DemDaily: Trump’s Infrastructure Plan: A Bridge to Nowhere

February 14, 2018

On Monday the Trump Administration released its long-awaited infrastructure plan, which on the surface calls for a $200 billion federal investment over the next decade.

One need not even scratch, however, to see the plan is actually a significant reduction in federal infrastructure funds, cutting billions in transportation projects and shifting the financial burden onto states and local taxpayers.

Our nation's roads, bridges, airports, seaports, energy projects and water systems -- or "infrastructure" -- is built and paid for by a combination of federal, state and local funds.  

The money is not new, but will come from yet "unspecified budget cuts" and redirected funds, and relies on state and private investments to make up for the additional $1.3+ trillion to fund the much-needed transportation, water and energy system upgrades.

According to the Center for American Progress, Trump's budget proposal, also released on Monday, already details $281 billion in infrastructure cuts.  This includes $3.7 billion from the Department of Transportation, and $2.8 billion from the Environmental Protection Agency and related protections for clean air and water, pollution and health safety.

The Breakdown
$100 billion in competitive grants, to be made available to states and cities. Over a decade that means only $10 billion a year for roads, railroads, airports, water treatment plants, flood control systems and contaminated land cleanups (that is one-tenth of the current annual budget for transportation and water projects alone).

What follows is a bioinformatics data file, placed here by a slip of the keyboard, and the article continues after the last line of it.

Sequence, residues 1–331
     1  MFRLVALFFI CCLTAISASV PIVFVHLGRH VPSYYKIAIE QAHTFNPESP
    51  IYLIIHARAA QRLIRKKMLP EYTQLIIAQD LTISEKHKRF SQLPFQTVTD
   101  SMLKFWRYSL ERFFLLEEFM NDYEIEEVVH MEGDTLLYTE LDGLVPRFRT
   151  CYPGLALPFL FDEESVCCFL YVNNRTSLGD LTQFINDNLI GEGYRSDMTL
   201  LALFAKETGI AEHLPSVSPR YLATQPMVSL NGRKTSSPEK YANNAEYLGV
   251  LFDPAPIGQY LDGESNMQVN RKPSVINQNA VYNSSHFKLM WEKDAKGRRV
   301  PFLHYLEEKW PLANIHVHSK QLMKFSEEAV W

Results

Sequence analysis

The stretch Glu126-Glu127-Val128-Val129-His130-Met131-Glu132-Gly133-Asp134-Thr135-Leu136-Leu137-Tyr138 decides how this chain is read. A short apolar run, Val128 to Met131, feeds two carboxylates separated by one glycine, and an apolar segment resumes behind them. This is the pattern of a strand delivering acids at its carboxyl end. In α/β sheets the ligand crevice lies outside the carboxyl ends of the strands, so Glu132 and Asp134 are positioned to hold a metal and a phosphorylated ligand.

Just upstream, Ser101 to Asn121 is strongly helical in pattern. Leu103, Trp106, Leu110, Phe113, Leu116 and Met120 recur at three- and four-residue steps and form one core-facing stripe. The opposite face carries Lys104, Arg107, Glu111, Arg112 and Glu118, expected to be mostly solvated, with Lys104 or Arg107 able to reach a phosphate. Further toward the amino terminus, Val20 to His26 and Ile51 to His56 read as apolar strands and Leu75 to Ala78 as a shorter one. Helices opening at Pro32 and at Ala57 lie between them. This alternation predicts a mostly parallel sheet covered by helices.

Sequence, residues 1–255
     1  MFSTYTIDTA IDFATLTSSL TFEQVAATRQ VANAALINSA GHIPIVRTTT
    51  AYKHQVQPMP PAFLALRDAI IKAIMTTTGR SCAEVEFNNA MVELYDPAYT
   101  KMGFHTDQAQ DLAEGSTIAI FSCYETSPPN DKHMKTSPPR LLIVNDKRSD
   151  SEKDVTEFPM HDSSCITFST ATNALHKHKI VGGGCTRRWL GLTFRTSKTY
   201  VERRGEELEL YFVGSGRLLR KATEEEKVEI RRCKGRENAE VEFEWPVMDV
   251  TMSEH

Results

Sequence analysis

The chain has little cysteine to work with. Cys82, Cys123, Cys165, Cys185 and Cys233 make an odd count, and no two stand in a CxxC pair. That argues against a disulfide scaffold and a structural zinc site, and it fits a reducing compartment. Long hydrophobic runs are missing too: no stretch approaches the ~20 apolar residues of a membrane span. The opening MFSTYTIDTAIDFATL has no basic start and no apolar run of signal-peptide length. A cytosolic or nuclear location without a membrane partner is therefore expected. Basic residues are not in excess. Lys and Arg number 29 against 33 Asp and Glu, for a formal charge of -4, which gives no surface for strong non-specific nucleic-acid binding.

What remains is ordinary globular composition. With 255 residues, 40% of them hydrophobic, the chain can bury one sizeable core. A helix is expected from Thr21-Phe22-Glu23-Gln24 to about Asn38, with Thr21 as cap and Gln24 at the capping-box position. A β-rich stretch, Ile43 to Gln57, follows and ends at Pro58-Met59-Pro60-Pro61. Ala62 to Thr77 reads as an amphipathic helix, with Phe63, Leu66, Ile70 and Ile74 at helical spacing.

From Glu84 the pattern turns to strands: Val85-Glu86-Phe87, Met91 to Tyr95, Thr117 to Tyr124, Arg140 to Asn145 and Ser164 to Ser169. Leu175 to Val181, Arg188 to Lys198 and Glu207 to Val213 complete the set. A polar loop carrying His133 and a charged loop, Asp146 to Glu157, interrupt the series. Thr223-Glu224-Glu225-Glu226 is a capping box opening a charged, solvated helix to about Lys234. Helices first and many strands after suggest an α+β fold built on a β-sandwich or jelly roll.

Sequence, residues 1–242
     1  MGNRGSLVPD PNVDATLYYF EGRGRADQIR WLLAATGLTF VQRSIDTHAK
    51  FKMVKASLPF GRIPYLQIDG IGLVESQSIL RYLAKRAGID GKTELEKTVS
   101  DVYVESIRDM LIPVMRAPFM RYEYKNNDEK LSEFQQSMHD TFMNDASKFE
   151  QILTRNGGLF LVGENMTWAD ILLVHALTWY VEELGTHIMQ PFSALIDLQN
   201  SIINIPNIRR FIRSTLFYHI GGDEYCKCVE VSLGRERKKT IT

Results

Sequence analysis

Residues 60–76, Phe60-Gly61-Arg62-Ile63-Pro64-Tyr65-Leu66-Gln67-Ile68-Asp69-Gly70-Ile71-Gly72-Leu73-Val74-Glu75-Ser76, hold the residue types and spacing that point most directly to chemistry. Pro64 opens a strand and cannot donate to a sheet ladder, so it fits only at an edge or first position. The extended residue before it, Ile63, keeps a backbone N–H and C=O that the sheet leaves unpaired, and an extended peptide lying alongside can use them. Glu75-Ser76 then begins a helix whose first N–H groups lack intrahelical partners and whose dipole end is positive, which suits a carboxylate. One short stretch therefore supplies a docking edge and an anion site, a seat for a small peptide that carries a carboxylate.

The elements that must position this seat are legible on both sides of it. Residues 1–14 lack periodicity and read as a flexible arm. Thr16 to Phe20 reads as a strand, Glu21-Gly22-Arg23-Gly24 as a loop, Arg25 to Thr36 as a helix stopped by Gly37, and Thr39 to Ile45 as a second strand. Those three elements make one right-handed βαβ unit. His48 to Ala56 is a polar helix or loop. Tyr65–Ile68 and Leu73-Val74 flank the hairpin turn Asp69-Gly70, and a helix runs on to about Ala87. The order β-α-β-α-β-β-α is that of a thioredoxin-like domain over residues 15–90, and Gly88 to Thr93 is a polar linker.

The idea is that the matching grants will generate a rise in state and local infrastructure spending, but ignores the fact that the GOP tax bill nixed the federal deduction for state and local taxes, making local investment less likely.

Currently the federal government finances 80% of major transportation projects, with local governments making up the remaining 20%.  Trump's plan would flip that equation, requiring states and cities to kick in at least $4 for every $1 in federal money they receive.

$50 billion would go toward rural infrastructure, which would benefit Trump's white working-class electoral base.

$20 billion to underwrite private financing of profitable infrastructure projects. Interpretation: a tax giveaway of greater benefit to corporate investors over the projects themselves.

$20 billion for "projects of national significance...that can lift the American spirit, that are the next-century-type of infrastructure as opposed to just rebuilding what we have currently."

$10 billion for a capital financing program that would fund the construction of federal office or government use buildings.

The Alternative
By contrast, the Democrats"Blueprint to Rebuild America's Infrastructure," unveiled last week, outlines a $1 trillion plan supported by direct government funding -- "real spending and not tax credits that go to the private industry."

The plan would generate more than 15 million jobs through infrastructure repair and building of a "21st century network" of transportation systems, water projects, schools, electric grids and other projects.

Infrastructure has traditionally been a bipartisan issue, but under this White House, and the GOP majority in Congress, however, it becomes another in a long list of futile partisan battles.

In truth, Trump's plan offers no real incentive for either party, nor any answers on how it moves forward.

DemList will keep you informed.

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Kimberly Scott
Publisher

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Sources:  Slate, LATimes, Center for American Progress, 247wallst.com, Fortune, Vox

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